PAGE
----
From Nazis to hippies, end of the road for VW Beetle

Company to halt production of the last version of the people’s car in Mexico

By AP in Frankfurt
  • Published 11.07.19, 1:16 AM
  • Updated 11.07.19, 6:17 PM
  • 2 mins read
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Adolf Hitler speaks at the opening ceremony of the Volkswagen car factory in Fallersleben, Germany, on May 26, 1938 (AP)

Volkswagen is halting production of the last version of its Beetle model this week at its plant in Puebla, Mexico. It’s the end of the road for a vehicle that has symbolised many things over a history spanning eight decades since 1938.

It has been: a part of Germany’s darkest hours as a never-realised Nazi prestige project. A symbol of Germany’s post-war economic renaissance and rising middle-class prosperity.

An example of globalisation, sold and recognised all over the world. An emblem of the 1960s counterculture in the US. Above all, the car remains a landmark in design, as recognisable as the Coca-Cola bottle.

The car’s original design — a rounded silhouette with seating for four or five, nearly vertical windshield and the air-cooled engine in the rear — can be traced back to Austrian engineer Ferdinand Porsche, who was hired to fulfil Adolf Hitler’s project for a “people’s car” that would spread auto ownership the way the Ford Model T had in the US.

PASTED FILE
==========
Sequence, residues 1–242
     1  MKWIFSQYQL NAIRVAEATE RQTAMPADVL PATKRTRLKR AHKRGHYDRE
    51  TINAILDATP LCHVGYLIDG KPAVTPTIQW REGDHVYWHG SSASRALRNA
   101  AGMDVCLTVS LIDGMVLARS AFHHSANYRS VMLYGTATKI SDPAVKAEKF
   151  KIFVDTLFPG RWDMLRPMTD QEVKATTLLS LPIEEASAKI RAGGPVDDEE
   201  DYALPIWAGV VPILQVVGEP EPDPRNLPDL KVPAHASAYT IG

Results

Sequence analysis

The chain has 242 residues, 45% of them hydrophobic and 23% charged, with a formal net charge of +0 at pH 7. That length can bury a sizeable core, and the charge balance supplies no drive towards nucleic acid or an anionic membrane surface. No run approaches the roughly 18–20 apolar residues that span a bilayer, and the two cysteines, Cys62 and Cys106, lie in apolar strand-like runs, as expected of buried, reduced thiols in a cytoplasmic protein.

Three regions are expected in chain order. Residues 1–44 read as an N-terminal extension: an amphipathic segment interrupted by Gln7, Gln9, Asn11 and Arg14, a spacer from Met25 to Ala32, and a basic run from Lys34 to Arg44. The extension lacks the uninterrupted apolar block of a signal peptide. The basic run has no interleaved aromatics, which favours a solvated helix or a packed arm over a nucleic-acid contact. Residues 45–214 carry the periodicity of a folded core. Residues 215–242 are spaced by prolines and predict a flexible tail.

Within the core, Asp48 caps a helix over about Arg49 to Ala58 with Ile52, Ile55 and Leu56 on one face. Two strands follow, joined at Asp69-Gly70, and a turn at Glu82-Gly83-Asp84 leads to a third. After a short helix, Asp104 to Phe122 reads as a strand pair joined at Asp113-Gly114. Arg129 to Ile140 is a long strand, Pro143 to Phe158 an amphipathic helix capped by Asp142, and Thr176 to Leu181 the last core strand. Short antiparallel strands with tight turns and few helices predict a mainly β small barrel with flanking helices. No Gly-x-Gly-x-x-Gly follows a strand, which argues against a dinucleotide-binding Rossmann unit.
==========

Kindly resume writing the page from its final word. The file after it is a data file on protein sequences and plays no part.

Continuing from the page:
Mass production of what was called the KdF-Wagen, based on the acronym of the Nazi labour organisation under whose auspices it was to be sold, was cancelled because of World War II. Instead, the massive new plant in what was then countryside east of Hanover turned out military vehicles, using forced labourers from all over Europe under miserable conditions.

Re-launched as a civilian carmaker under supervision of the British occupation authorities, the Volkswagen factory was transferred in 1949 to the Germany government and the state of Lower Saxony, which still owns part of the company..

The US became Volkswagen’s most important foreign market, peaking at 563,522 cars in 1968, or 40 per cent of production. Unconventional, sometimes humourous advertising from agency Doyle Dane Bernbach urged car buyers to “Think small”. “Unlike in West Germany, where its low price, quality and durability stood for a new post-war normality, in the US the Beetle’s characteristics lent it a profoundly unconventional air in a car culture dominated by size and showmanship,” wrote Bernhard Rieger in his 2013 history, The People’s Car.”

Production at Wolfsburg ended in 1978 as newer front drive models like the Golf took over. But the Beetle wasn’t dead yet.

Production went on in Mexico from 1967 until 2003 — longer than the car had been made in Germany.

Nicknamed the “vochito”, the car made itself at home as a rugged, Mexican-made “carro del pueblo”.

The New Beetle — a completely retro version build on a modified Golf platform — resurrected some of the old Beetle’s cute, unconventional aura in 1998 under CEO Ferdinand Piech, Ferdinand Porsche’s grandson. In 2012, the Beetle’s design was made a bit sleeker.

The end of the Beetle comes at a turning point for Volkswagen as it rebounds from a scandal over cars rigged to cheat on diesel emissions tests.